Monday, August 02, 2010

I think it's safe now.... post about my NewBee block for July. *grin*  Our challenge from The Busy Bean was a 12" house block using some pretty cute Halloween fabric. Our guiding principle was kid-creepy: think The Nightmare Before Christmas, not Freddy Kruger. Colleen asked us to use a black with yellow bits for the background, to mimic a night sky. She also sent some Riley Blake dots that I needs must track down. They were so cute!

Before I continue I have a bit of a disclaimer: The only thing I remember about The Nightmare Before Christmas is a preview I saw in what must've been the early 90's of a really skinny scary creature standing on a curly-q hilltop.  *grin*

So I went with it...

Between The Nightmare Before Christmas and a nod to my favorite children's book author, Bill Peet, this is what I came up with:

NewBee Block - Mockup

My brothers and I grew up loving the work of Bill Peet ---- The Caboose that Got Loose, Chester the Worldly Pig, and Hubert's Hair-Raising Adventure, to name a few ---- and I adore his auto-biography. For some reason I have two copies...  *grin*  Bill was also an illustrator for Walt Disney and he worked on some of my favorite Disney movies, including Dumbo (I love Elephants on Parade!). One of his trademarks was drawing faces within houses. My brother Tom and I were especially fond of tracking those down...

NewBee Block - Process: The Face

The fence and chimney were inspired by Nightmare --- my original plan for the chimney was to piece a snail's trail, but the boxy nature of the trail seemed clumsy and just didn't quite do it for me.

NewBee Block - Process: The Inspiration

In my block drafting, I came across a picture of a paper-pieced rose --- I'm scared to death of paper-piecing, but I really liked the effect of the swirling center. I isolated the parts that struck me as chimney-worthy and drew my own pattern. The house block is divided into quadrants and each measures 6.5" --- my rosey chimney is a pretty big part of the overall effect of the block and it took me several hours (and several ripped seams) to get it right. Have you ever tried to pluck out a back stitched seam set on the smallest stitch length? I had three of them to rip on this block and they about did me in.  *grin*

Jack's mouth was the starting point for my fence --- I wanted to mimic the uneven "teeth" and at first I thought about paper-piecing that, too, but thankfully my mother-in-law pointed out an alternative: I could applique the fence onto the finished block. Am I ever glad I listened! It took me 4 hours to get the paper piecing "right" on the chimney; I'm pretty sure I would've ditched the block if I'd had to do anymore of that. And, applique let me add zig-zag stitching which hollers, "Frankenstein" and, me thinks, is kid-creepy approved!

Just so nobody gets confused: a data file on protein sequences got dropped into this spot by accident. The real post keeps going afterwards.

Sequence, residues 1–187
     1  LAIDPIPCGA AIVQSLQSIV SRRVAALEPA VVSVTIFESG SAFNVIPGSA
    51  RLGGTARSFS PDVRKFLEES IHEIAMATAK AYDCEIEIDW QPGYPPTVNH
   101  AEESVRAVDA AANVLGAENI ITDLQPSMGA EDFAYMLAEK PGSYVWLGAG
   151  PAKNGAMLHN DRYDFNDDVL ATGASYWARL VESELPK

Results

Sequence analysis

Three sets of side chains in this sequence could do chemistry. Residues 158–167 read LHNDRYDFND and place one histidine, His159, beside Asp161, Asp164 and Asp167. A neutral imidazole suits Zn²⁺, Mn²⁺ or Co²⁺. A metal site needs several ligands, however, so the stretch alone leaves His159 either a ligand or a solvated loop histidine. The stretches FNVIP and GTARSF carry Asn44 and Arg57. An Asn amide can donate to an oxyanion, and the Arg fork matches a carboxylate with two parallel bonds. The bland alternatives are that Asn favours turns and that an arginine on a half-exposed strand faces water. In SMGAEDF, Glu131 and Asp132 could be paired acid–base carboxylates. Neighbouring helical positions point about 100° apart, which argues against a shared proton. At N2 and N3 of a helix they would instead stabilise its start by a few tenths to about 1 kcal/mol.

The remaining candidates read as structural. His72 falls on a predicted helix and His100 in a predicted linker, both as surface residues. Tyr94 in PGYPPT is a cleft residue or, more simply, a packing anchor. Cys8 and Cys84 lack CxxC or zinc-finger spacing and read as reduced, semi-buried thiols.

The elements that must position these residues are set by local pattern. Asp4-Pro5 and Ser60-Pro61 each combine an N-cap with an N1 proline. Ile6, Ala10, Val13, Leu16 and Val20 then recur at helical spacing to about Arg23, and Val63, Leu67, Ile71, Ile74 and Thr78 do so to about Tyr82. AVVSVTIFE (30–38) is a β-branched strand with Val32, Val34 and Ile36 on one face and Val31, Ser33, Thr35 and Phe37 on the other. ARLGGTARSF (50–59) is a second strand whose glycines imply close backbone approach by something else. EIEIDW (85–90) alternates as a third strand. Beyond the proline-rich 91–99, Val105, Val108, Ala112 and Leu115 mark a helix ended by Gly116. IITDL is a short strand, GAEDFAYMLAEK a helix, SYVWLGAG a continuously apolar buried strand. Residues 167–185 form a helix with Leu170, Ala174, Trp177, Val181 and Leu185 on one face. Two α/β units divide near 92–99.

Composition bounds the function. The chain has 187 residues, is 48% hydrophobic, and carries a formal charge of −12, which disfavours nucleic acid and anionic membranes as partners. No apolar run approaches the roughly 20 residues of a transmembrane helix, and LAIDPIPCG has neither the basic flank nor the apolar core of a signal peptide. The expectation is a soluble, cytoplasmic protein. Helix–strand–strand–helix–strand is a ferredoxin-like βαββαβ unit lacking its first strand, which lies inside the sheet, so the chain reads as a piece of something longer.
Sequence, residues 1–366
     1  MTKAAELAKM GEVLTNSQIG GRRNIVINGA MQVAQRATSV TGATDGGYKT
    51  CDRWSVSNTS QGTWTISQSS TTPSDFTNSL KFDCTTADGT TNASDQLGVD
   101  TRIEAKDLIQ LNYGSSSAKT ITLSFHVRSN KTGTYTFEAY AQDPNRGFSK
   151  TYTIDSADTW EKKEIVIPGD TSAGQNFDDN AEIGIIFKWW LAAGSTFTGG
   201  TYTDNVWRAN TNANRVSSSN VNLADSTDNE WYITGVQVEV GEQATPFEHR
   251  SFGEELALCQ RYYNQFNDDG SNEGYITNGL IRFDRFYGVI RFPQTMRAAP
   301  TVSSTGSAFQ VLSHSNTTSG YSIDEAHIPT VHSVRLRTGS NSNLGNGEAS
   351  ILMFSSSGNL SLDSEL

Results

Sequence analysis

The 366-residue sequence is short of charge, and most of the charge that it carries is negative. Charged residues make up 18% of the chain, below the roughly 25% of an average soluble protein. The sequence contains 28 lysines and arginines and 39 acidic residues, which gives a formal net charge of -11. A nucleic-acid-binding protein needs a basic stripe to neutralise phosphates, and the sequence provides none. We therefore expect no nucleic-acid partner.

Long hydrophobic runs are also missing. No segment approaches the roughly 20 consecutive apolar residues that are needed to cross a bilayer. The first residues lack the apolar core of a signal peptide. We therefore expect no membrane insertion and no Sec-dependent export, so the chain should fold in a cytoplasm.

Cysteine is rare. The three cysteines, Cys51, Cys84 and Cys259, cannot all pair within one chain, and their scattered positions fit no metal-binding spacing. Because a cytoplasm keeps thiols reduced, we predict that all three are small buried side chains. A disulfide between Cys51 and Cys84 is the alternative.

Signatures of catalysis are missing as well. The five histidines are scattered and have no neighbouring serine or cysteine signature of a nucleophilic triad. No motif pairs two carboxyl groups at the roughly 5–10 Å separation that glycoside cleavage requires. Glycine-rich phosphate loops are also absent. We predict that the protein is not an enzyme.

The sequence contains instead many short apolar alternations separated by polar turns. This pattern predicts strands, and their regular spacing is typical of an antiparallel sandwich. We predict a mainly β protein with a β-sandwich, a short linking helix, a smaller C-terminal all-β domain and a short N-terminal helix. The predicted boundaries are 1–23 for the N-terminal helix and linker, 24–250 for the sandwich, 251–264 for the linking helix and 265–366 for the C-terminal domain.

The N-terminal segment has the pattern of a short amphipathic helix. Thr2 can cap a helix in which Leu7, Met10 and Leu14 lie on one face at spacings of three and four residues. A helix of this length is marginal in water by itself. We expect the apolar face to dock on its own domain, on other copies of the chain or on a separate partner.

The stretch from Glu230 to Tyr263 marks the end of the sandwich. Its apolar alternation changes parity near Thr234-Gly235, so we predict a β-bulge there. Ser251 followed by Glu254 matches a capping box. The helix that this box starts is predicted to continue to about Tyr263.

I love the windows --- errr...."eyes" --- of the house, too. They were such fun to do and my ode to all those cross quilts floating around on Flickr. That part of my block was pretty easy, too; I just might have to give in and do a whole quilt of 'em myself.

And here is my house in all its Technicolor glory:

NewBee Block - July

p.s. An "Aha!" moment: I had no idea when you paper-piece things that they have a tendency to come out backward! If you notice in my mock-up, the chimney is supposed to be on the left side of the roof. Mine is on the right in the final block!  *grin*  I was still able to complete my block as I envisioned, but yah, it's backward. 

p.p.s. I don't know entirely why, perhaps since I was trying new techniques, but this block took me 7.5 hours to complete!

p.p.p.s.  My one regret: that silly visual "line" that runs down the center of the block. I didn't mean for it to happen and the window only accentuates it further. When I joined the two parts of the roof together, I had to fiddle a bit to get the slope of the roof to match. In doing so, the dots in the fabric worked against me. Instead of "blending" as I had hoped, I created a fairly distinct line right down the center and cut off some dots. I didn't have a whole lot of wiggle room so I opted to leave it. Then, after making my windows and joining the quadrants together I realized the spider's web in the window and the line in the roof almost perfectly join one another.  *sigh*

1 comment:

  1. This is really fun! I like your blog. I am also a woman of faith, on the journey a little longer than you, but your site struck a chord (and I loved your haunted house).